make an enormous amount of money and come into it having not made any money. They make a
huge leap from waiting tables and driving taxis to making two or three hundred thousand dollars a
year. After a while they begin to think they are entitled and they think they don't have to do the
work. Especially if they are not trained actors. If you don't get, as Doug Watson did, or Ray
Liotta did, a certain joy out of the process of acting, then you tend to do just the least you can to
get by and collect your check.
Now, we had an actress who paraphrased until I made them get rid of her. She was a very popular
actress but she never stuck to the dialogue. When I killed her off on Good Friday, I got a little
note from the man who played her husband. It read, "God bless you, Pete!" He had never been
able to get a cue!
MLH: Tell me about the role of the producer on a soap opera.
LEMAY: I think a good producer is a person who brings out of the writer, the actor and the
technicians more than they knew they could do. The best producer I have ever worked with is a
lady named Jill Farren Phelps. She can sit in a room with five or six writers and myself as a
consultant, and can rip apart a whole week of breakdowns and you sit there and say "My god, she
is absolutely right!" She has an amazing gift of being outside of it as well as being inside of it. She
can look at it from the outside. She deals beautifully with actors. She got David Forsythe [John]
and Linda Dano [Felicia] to do that crucial scene with Anna Holbrook [Sharlene] in the triangle
they were doing. She got amazing things out of those actors. Paul was a marvelous producer but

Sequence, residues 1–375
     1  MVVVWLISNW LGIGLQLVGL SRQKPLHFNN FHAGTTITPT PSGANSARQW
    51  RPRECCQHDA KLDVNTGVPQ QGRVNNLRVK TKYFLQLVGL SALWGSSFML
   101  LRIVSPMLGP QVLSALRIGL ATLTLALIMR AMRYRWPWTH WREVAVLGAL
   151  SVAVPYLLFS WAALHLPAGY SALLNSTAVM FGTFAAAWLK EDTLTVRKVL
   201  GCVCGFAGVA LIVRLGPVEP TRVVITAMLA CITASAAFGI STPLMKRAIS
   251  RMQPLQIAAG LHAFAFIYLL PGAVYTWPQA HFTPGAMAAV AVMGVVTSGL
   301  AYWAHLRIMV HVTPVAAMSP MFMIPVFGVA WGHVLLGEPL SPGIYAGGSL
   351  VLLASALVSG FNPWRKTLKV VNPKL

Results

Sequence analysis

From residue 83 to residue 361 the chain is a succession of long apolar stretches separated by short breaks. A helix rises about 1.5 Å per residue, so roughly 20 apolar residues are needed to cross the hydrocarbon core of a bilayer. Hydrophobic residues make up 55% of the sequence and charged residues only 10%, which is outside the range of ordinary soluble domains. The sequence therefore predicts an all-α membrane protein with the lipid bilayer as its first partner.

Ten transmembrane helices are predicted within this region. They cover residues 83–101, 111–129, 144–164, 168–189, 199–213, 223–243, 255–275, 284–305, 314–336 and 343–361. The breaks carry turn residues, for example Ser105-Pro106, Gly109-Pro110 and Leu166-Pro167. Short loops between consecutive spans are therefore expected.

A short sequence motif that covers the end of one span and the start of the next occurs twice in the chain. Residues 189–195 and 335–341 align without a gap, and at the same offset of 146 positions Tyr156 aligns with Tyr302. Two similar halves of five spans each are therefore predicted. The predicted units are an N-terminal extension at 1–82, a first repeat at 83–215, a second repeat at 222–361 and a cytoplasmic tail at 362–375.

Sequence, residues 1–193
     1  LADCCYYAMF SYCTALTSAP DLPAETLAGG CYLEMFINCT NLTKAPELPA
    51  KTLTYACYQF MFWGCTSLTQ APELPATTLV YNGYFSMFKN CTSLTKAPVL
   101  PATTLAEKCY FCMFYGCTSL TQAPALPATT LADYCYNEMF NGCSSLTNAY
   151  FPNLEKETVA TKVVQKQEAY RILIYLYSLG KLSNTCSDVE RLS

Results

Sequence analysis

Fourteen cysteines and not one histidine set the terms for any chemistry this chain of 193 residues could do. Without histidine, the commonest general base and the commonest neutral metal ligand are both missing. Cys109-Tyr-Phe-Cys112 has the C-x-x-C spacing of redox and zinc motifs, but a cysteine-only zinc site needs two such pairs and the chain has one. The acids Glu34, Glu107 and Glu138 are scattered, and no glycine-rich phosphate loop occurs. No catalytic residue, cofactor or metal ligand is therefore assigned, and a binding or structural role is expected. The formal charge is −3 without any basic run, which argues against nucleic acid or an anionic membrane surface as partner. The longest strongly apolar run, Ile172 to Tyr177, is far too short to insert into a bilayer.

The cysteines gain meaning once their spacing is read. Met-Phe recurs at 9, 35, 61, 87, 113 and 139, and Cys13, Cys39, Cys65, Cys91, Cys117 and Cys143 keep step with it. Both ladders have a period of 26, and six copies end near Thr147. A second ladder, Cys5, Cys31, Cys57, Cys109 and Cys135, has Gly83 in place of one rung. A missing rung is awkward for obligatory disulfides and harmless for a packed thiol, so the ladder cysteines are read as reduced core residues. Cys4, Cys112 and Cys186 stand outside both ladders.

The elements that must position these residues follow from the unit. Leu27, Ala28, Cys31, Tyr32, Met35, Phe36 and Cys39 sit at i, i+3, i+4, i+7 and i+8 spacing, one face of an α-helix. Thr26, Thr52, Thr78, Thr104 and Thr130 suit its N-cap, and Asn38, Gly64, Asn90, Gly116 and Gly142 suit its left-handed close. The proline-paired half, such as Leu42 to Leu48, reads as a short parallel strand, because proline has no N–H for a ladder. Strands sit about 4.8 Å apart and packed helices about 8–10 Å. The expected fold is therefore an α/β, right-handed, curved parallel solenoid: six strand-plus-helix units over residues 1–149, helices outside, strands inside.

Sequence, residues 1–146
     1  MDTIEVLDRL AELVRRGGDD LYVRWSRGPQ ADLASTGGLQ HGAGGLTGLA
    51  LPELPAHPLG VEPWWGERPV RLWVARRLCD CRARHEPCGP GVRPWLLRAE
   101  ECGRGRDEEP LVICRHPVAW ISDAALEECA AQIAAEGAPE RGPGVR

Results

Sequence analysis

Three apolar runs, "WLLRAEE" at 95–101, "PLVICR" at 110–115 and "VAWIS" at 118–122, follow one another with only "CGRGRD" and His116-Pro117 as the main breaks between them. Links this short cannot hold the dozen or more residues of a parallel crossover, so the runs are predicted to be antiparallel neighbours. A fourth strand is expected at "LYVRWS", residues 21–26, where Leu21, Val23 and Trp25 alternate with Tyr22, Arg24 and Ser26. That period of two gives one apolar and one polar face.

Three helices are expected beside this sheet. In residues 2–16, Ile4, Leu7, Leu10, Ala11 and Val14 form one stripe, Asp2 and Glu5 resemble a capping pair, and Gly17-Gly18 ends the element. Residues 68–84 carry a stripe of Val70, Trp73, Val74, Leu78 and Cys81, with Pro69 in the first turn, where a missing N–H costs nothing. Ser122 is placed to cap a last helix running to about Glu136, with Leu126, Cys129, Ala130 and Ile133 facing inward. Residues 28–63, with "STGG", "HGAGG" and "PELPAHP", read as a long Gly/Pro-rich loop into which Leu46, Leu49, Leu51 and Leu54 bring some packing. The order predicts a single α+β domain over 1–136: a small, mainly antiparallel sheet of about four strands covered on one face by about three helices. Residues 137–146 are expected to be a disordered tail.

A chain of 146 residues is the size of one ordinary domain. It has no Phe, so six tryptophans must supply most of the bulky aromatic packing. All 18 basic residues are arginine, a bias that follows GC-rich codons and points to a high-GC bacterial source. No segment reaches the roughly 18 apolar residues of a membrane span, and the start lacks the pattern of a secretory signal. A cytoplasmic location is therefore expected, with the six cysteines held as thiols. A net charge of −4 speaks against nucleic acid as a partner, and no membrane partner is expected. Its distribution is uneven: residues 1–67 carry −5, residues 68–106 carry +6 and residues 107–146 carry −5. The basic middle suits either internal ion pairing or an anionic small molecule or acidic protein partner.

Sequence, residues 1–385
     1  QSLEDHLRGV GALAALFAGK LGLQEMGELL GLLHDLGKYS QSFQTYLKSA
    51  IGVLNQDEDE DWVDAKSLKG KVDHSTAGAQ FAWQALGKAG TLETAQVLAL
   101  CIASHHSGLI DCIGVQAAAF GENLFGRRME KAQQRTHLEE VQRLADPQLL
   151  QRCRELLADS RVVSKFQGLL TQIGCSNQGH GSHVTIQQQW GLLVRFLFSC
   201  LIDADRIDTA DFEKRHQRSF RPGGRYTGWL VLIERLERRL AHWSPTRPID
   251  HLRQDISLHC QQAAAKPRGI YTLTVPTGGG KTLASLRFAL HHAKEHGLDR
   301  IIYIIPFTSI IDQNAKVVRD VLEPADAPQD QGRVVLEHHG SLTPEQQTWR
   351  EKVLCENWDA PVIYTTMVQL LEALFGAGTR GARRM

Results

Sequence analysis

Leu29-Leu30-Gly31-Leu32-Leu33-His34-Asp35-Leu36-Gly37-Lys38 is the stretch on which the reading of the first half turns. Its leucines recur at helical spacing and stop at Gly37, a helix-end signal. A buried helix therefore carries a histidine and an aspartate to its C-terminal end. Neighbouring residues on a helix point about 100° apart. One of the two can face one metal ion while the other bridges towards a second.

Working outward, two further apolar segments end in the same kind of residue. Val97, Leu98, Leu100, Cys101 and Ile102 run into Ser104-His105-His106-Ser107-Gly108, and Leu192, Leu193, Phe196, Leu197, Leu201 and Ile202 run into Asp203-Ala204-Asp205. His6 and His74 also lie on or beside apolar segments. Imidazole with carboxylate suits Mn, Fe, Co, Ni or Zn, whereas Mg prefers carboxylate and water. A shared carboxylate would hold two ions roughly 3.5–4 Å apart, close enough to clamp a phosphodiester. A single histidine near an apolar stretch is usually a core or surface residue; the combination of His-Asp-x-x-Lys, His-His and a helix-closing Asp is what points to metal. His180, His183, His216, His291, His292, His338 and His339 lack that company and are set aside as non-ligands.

he was difficult to deal with. You had to fight him. I had to bully him.
MLH: But he responded to you.
LEMAY: Because he couldn't bully me. But it worked with us for six out of the eight years and
for all kinds of other reasons I was getting burned out and Paul was having his own problems, and
Procter & Gamble was getting antsy so that the combination didn't work anymore. For six years it
was wonderful working with him. And we were both trained the same way. Paul went to the
Neighborhood Playhouse. So did I. He understood acting and so did I. Paul may not understand
writing as well, but he was willing to admit that if you could convince him, he would give in.
MLH: Is it difficult to be a good producer?
LEMAY: I think it is because you have so many things you have to be in control of. To be able to sit in the control room and say "take that shot not that one" to your director over and over again. You have to have a sense of costuming which is so important, a sense of music.
ABC asked me to watch THE CITY. I found it to be disastrous. It was all about the same kinds of
people. Sixteen characters who are all alike. They didn't have a generational thing. Take
"Hamlet." If you cut out the generational thing, you don't have a play. You have Hamlet and his
buddies. The characters on THE CITY all lived in the same apartment house. Nobody lived